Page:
Vernon Parish School Board President Vernon Travis enlisted in the Louisiana National Guard in 1981. He was a student at Northeast Louisiana University in Monroe and the enlistment was required as part of the ROTC program under a simultaneous enlistment contract.

He was assigned to shadow a platoon leader of a heavy construction unit within the 528th Engineers in Monroe.

Travis received his officer's commission in 1982 and he was recognized as the Louisiana Cadet of the Year.

His first assignment after receiving his commission was to establish a new National Guard unit in Columbia, Louisiana. At that time he was assigned as a heavy engineer detachment commander.

He recalls that when they started the unit they were given a part of a school to set up the unit in but many years later an actual armory was built.

In 1984 Travis was deployed as the engineer detachment advisor to Panama on a project called ‘Minutemen Blazing Trails I & II’.

Travis recalls that the National Guard was sent in to assist the Panamanian government to establish some roads in the rural areas, deep in the jungles.

Minutemen I was conducted in Panama from February through May 1984. A total of 778 Army guardsmen from Louisiana, Florida, and Puerto Rico constructed a 15-kilometer road on the west coast of the Azuero Peninsula.

During Blazing Trails in 1985, the road, previously constructed during the Minutemen I exercise, was repaired and a new 27-kilometer road was constructed in Panama. Construction took place in the area of the Azuero Peninsula with 5,418 Army guardsmen participating in the exercise.

During Blazing Trails II in 1986, 484 Army guardsmen supported a U.S. Army Reserve unit, which built a new 20-kilometer road in Panama.

Travis said that his unit was given oversight of the project and they operated as the site inspectors.

In 1985 Travis received orders to report for active at to Fort Benning, Georgia where he trained in the infantry and he went to airborne school.

Travis said that he had a plan. He joined the army to see the world but as soon as he completed basic training and airborne school his first duty assignment took him to within seven miles of the house he grew up in. Travis was ordered to Fort Polk.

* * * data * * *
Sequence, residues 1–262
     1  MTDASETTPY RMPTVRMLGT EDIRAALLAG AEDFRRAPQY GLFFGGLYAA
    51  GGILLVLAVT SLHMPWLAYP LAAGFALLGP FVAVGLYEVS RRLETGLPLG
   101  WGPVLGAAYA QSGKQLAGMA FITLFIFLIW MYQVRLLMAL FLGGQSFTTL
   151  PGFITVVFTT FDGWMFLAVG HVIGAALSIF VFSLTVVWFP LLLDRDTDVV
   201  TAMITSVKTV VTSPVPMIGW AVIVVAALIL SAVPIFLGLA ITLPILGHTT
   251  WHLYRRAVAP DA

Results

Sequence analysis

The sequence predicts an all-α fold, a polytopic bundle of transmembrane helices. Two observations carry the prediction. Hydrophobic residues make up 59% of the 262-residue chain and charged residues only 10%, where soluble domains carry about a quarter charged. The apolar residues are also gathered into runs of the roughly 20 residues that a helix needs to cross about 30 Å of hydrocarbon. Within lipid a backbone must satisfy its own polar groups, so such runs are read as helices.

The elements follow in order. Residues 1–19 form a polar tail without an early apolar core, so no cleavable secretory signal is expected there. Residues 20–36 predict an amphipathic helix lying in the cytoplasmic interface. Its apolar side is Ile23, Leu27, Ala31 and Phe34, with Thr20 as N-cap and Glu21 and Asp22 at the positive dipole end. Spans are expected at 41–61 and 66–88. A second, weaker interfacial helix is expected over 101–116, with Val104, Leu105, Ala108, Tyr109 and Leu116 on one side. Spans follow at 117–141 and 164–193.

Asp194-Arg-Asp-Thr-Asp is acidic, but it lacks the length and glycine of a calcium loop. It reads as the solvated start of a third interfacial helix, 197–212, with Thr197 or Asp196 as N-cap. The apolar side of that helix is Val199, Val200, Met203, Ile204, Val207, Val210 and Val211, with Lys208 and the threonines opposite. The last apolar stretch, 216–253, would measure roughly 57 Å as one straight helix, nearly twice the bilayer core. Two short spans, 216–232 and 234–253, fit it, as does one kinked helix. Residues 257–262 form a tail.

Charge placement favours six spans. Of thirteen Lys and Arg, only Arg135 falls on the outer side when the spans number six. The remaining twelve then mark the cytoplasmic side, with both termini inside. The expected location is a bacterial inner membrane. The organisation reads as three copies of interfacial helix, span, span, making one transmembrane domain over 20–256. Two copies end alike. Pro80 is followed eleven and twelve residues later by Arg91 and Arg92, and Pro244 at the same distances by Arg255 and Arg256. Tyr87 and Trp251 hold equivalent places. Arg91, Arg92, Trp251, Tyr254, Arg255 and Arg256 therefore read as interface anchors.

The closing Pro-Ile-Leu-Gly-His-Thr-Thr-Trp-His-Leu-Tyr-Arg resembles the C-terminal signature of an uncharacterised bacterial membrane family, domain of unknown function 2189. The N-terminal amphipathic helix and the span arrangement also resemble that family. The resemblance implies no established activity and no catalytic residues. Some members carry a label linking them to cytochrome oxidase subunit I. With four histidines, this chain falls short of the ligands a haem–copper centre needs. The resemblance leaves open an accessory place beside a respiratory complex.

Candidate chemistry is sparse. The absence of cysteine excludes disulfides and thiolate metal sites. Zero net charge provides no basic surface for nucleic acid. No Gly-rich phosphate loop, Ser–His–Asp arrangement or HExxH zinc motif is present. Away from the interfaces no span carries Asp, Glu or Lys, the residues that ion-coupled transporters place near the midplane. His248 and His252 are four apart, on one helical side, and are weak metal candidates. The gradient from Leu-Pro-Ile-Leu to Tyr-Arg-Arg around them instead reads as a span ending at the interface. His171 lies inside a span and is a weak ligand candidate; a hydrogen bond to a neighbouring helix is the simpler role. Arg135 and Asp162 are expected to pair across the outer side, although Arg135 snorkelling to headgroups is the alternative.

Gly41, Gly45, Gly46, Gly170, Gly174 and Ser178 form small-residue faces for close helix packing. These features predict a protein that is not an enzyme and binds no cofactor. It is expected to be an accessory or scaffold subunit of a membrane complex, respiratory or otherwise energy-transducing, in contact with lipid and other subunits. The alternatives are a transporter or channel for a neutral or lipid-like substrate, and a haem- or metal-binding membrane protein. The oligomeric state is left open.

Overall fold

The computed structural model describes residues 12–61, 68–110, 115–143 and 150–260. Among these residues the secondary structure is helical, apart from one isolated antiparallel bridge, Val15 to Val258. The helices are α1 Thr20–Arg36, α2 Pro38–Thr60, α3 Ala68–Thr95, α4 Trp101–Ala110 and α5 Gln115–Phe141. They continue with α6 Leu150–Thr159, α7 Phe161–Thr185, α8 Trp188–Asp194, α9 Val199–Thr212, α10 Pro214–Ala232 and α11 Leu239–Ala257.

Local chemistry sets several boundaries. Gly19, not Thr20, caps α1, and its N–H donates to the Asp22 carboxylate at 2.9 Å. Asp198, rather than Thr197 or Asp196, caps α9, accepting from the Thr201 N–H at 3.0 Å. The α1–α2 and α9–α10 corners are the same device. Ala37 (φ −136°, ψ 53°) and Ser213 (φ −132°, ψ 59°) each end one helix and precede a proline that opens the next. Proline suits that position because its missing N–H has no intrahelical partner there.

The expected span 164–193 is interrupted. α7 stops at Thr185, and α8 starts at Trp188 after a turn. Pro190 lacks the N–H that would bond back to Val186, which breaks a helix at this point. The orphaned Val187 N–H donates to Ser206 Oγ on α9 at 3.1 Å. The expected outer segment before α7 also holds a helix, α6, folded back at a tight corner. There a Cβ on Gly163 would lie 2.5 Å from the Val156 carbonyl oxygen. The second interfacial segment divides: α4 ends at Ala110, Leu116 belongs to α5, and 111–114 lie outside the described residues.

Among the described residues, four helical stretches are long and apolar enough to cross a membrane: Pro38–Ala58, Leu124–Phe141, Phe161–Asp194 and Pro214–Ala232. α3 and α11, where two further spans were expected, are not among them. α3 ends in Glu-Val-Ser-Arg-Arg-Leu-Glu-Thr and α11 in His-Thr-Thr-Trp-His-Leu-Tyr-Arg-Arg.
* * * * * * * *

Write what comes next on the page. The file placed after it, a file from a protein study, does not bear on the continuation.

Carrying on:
He spent just over four years at Fort Polk in various positions with 1-61st Infantry Battalion. He served as platoon leader,  the company executive officer, and within the Battalion S1.

When Travis was eligible to be promoted to Captain in 1990 he was transferred to Military Intelligence, involuntarily. He was not thrilled with the path his career was taking at this point. He said the plan he had for himself was that he was going to retire as a General in the Infantry.

He said that shortly after receiving his transfer order he submitted his resignation. His commanders refused to accept his resignation and refused to sign it. Travis was stuck.

Having no other legal way to get out of the assignment Travis was sent to Fort Huachuca, Arizona for his MI training.

After his training was complete Travis was due to be sent back to Fort Polk to work in the Finance Division, or S2 of a unit. He said that with him being an infantry guy he was definitely not interested in working in the finance department.

He found out that there was an opening in the division cavalry squadron. “That was the eyes and ears of the division in combat,” Travis said. He asked his colonel to be put in that job.

Travis did not have the necessary experience for the job and he was told no. As a counteroffer to the colonel, Travis again asked for the position. He then reminded the colonel that he was due to PCS out of Fort Polk and unless he was given the position, he was going to PCS.

Following a colorful remark by the colonel, Travis was then given orders into that position.

Making the transition to Military Intelligence was not in his sights but it turned out to be very good for him. “That was the best job I ever had,” Travis said.

He made several trips to Fort Huachuca and had six rotations to Fort Irwin, California for training during the 90s.

In 1992 or 1993 he received orders to Kuwait during Operations Desert Storm and Desert Shield where he served as a Military Intelligence Observer Controller training the units that were deploying.

In 1994 he was eligible for promotion to Major but instead opted for early retirement. At his retirement, Travis was told by his commander “you go and teach these MI people how we think as infantry people.”

Travis said that he did not understand what the colonel was saying until the time came and he started doing it.

In 2001 Travis started working as a scenario intelligence writer for two different government contractors who were responsible for creating the scenarios and training methods used for Operation Iraqi Freedom.

He then wrote manuals on how to detect and find IED’s for JIEDDO.

In 2015 Travis completely retired for military service. Now he spends his free time running a hobby fishing guide service and serving the students and teachers of Vernon Parish.